Criminal Jurisdiction of States under International Law
- Prosecution — Jurisdiction of states, nationality principle — Foreign relations law — Jurisdiction of states, passive personality principle — Jurisdiction of states, protective principle — Jurisdiction of states, universality principle
Published under the auspices of the Max Planck Foundation for International Peace and the Rule of Law under the direction of Rüdiger Wolfrum.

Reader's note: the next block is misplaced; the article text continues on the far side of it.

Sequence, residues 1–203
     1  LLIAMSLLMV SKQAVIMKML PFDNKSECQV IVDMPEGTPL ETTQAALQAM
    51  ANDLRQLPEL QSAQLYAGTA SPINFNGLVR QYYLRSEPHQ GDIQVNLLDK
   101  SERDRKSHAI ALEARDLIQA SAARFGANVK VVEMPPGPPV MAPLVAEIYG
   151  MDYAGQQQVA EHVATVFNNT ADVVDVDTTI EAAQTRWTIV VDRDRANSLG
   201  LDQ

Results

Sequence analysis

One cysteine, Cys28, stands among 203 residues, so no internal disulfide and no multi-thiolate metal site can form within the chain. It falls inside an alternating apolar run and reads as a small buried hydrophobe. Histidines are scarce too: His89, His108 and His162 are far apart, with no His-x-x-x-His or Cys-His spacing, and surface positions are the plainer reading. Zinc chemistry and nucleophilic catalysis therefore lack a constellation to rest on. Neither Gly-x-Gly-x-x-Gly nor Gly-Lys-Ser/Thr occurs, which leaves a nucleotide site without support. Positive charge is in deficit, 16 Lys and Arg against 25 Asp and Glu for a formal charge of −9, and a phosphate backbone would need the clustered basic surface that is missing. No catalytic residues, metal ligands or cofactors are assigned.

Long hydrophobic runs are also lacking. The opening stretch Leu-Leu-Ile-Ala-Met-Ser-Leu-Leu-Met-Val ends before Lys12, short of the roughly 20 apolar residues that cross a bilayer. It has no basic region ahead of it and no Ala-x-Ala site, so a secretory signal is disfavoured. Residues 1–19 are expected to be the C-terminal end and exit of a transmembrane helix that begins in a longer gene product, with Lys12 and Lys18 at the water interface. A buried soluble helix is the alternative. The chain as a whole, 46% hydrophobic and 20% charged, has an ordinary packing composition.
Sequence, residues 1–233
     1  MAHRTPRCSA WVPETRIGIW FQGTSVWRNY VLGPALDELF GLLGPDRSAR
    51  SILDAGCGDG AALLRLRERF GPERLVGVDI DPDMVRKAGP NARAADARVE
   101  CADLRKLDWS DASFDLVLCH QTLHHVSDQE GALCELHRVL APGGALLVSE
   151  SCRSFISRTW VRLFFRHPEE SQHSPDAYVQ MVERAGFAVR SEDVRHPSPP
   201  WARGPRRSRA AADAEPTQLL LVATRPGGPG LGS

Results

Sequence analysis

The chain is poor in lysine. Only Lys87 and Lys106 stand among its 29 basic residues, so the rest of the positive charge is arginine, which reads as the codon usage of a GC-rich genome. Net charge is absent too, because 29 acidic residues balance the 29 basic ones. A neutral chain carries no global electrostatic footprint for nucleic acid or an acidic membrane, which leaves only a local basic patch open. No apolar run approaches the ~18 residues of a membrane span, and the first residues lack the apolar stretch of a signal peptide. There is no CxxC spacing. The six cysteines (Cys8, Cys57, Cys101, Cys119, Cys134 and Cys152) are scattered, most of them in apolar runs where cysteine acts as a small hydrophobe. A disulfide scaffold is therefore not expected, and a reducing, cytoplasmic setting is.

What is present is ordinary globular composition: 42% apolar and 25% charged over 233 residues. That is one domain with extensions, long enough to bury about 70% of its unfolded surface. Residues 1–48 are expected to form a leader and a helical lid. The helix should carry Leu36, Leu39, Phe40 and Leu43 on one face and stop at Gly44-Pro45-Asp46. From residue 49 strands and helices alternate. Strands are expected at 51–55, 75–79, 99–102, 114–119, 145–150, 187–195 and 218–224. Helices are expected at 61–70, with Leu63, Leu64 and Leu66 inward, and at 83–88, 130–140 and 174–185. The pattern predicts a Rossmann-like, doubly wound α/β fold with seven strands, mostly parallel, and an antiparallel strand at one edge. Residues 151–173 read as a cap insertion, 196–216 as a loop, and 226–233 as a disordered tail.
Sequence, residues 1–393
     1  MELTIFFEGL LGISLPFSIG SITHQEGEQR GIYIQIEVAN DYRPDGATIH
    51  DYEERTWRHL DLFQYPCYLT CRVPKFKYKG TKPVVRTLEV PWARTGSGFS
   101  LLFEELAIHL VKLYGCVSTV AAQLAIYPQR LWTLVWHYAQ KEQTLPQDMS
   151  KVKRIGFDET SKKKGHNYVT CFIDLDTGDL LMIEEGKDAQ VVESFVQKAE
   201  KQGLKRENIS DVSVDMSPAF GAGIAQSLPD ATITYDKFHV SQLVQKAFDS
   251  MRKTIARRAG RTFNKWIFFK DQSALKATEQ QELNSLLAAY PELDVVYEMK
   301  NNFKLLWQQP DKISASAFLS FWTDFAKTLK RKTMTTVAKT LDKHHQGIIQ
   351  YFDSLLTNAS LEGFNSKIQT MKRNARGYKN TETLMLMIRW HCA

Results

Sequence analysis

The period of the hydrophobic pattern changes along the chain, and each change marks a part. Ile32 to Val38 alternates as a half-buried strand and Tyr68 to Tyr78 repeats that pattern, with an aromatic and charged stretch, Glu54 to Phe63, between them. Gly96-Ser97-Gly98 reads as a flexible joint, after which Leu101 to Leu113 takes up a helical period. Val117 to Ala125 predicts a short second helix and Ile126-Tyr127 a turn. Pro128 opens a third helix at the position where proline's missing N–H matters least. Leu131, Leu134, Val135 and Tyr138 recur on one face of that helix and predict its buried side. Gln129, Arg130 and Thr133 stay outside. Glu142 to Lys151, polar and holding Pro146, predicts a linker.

1 The term ‘jurisdiction’ refers to the power of States to subject persons or property to their laws, judicial institutions, or enforcement capacity. This corresponds to the three types of jurisdiction, that is, legislative, judicial, and enforcement jurisdiction (Jurisdiction of States). Criminal jurisdiction should be distinguished from other forms of jurisdiction arising out of torts or contract, even if the foundation for such actions is an international crime such as torture, as is the basis for the United States Alien Tort Statute. The exercise of criminal...